The response by people of faith: One of the strengths of the Pope’s encyclical in his emphasis upon the need for insights from all sources of wisdom: religious, scientific, philosophical, economic, political, artistic, and all the others. He also urges dialogue at all levels—individual, local, national, and international. As is appropriate for a leader of the Christian faith, he concludes his book by discussing “ecological education and spirituality.” He writes that “we have too many means and only a few insubstantial ends,” and encourages people to develop simpler life styles. Doing so, he continues, could have a positive effect upon businesses and lead then to give more consideration to the environmental impact of how they do business. In our faith communities we need to provide education and encouragement to help people live in simpler, gentler, and more peaceful ways.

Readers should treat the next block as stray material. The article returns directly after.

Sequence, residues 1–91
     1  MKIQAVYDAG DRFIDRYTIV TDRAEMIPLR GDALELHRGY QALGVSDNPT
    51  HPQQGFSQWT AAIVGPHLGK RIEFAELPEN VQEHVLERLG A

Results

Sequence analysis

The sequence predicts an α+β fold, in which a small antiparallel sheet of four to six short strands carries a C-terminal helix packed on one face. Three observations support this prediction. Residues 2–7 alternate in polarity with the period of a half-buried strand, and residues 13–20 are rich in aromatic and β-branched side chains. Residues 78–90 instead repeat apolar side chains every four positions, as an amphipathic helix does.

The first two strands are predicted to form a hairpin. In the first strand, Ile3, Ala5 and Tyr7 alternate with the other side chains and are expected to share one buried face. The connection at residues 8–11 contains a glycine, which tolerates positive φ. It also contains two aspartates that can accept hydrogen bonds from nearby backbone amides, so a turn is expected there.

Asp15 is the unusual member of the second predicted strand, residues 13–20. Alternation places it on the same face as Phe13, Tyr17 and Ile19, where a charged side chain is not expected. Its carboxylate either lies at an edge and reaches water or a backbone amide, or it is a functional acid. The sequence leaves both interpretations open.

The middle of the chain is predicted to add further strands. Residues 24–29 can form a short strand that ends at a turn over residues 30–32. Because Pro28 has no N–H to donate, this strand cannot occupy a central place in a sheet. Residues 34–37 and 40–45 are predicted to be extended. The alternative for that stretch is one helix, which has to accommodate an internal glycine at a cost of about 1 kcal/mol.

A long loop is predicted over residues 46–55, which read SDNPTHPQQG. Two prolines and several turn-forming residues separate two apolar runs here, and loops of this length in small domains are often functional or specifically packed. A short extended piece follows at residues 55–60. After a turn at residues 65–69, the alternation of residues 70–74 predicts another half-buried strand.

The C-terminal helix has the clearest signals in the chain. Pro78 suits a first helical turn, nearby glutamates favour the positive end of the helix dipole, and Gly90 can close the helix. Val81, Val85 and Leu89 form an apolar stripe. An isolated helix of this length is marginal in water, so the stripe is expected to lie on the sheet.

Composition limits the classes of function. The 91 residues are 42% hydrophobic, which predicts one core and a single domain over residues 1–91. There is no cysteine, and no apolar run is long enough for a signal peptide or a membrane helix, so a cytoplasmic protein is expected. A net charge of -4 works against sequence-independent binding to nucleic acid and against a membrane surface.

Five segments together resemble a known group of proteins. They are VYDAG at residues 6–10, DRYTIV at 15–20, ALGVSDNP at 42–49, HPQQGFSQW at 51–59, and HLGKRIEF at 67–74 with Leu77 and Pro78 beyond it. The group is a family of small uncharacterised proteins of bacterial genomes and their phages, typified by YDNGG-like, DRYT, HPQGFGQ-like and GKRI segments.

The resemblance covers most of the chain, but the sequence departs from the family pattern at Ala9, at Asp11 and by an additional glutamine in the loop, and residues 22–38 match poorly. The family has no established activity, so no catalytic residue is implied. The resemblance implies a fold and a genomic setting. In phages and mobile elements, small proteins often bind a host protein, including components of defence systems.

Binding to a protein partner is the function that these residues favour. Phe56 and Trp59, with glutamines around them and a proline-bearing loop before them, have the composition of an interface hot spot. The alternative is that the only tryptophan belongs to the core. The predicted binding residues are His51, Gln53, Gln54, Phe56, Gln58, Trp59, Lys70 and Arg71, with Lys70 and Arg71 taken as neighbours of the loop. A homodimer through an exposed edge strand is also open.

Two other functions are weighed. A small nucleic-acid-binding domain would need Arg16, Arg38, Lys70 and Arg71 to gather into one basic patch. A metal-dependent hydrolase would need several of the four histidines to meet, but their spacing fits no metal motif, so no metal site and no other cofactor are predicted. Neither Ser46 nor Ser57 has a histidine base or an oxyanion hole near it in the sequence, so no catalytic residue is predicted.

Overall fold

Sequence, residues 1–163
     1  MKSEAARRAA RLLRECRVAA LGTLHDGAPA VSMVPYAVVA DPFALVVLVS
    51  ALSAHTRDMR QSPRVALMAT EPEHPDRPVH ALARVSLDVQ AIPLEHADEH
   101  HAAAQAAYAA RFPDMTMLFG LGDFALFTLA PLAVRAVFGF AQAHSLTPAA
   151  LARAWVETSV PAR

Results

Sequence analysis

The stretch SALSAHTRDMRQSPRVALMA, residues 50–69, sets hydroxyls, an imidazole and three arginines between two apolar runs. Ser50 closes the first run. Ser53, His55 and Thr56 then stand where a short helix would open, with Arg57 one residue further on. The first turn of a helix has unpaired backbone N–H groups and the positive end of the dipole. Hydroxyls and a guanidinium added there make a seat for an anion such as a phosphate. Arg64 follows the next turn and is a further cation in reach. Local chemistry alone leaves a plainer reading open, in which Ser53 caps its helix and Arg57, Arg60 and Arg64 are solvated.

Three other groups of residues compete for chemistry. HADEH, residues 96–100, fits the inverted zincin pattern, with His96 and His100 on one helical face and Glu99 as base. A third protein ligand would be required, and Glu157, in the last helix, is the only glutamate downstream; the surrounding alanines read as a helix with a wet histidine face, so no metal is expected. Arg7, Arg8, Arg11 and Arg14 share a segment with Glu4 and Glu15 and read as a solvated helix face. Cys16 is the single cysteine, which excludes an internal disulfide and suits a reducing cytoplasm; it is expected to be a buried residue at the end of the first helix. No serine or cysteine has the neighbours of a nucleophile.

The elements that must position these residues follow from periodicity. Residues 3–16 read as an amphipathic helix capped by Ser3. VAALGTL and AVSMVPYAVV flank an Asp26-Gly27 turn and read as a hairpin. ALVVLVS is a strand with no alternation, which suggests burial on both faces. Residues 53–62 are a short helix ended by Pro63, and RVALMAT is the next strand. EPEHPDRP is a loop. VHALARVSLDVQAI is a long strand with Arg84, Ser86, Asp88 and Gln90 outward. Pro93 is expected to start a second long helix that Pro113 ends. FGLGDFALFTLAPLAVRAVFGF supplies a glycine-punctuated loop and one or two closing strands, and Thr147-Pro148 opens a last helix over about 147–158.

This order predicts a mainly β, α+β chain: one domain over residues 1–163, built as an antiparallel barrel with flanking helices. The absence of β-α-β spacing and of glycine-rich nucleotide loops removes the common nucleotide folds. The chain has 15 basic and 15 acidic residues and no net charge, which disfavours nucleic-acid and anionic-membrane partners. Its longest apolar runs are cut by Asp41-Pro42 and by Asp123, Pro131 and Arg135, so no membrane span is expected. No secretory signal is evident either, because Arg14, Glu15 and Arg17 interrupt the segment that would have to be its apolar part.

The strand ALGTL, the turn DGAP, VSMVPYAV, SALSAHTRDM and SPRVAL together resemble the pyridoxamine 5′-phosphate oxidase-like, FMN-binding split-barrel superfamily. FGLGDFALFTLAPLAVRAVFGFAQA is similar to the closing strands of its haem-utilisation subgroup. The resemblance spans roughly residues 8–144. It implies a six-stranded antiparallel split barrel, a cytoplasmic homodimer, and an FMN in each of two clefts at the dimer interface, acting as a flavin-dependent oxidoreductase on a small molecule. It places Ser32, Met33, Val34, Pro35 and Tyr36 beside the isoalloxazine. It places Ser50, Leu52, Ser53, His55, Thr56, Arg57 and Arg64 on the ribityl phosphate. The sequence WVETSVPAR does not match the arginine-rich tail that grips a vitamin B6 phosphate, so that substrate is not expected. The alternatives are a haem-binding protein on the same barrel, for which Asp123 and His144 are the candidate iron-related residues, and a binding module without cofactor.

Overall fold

The Pope concludes the encyclical by reaffirming the value of Christian sacraments in leading to a way of life that is right for us and for the world. He discusses baptism and the live-giving qualities of water; eucharist (the communion service) and the way that food and drink connect us to God and one another; and the Sabbath (weekly day of rest and gladness) that helps us live a slower and more fulfilling life.

Other people also are publishing books that provide solid information and persuasive recommendations for how people in developed countries can live their way into a new future. A later column in this series will give a short list of those that I find especially helpful. The encyclical is published online by the Vatican and also is available in several trade editions from book dealers.